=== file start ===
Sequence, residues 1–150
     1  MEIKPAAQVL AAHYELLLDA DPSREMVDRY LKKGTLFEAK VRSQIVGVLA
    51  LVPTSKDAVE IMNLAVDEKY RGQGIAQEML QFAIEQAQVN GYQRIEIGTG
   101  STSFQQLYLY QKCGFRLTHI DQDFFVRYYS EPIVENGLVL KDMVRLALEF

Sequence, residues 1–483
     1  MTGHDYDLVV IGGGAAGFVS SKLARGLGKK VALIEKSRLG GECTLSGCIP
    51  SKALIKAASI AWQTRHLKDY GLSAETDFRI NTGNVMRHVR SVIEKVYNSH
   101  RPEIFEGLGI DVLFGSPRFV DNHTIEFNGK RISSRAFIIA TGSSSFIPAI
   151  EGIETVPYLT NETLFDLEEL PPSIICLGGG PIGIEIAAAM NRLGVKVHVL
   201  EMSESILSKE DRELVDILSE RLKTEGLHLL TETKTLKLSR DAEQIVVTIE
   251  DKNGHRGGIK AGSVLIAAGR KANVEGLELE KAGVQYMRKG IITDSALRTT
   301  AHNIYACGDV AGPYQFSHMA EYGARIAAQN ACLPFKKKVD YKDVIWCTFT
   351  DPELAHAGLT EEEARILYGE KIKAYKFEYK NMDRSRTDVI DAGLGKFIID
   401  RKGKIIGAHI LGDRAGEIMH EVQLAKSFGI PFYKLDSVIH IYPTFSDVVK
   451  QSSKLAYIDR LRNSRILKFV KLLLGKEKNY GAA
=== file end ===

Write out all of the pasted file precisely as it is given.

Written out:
Sequence, residues 1–150
     1  MEIKPAAQVL AAHYELLLDA DPSREMVDRY LKKGTLFEAK VRSQIVGVLA
    51  LVPTSKDAVE IMNLAVDEKY RGQGIAQEML QFAIEQAQVN GYQRIEIGTG
   101  STSFQQLYLY QKCGFRLTHI DQDFFVRYYS EPIVENGLVL KDMVRLALEF

Sequence, residues 1–483
     1  MTGHDYDLVV IGGGAAGFVS SKLARGLGKK VALIEKSRLG GECTLSGCIP
    51  SKALIKAASI AWQTRHLKDY GLSAETDFRI NTGNVMRHVR SVIEKVYNSH
   101  RPEIFEGLGI DVLFGSPRFV DNHTIEFNGK RISSRAFIIA TGSSSFIPAI
   151  EGIETVPYLT NETLFDLEEL PPSIICLGGG PIGIEIAAAM NRLGVKVHVL
   201  EMSESILSKE DRELVDILSE RLKTEGLHLL TETKTLKLSR DAEQIVVTIE
   251  DKNGHRGGIK AGSVLIAAGR KANVEGLELE KAGVQYMRKG IITDSALRTT
   301  AHNIYACGDV AGPYQFSHMA EYGARIAAQN ACLPFKKKVD YKDVIWCTFT
   351  DPELAHAGLT EEEARILYGE KIKAYKFEYK NMDRSRTDVI DAGLGKFIID
   401  RKGKIIGAHI LGDRAGEIMH EVQLAKSFGI PFYKLDSVIH IYPTFSDVVK
   451  QSSKLAYIDR LRNSRILKFV KLLLGKEKNY GAA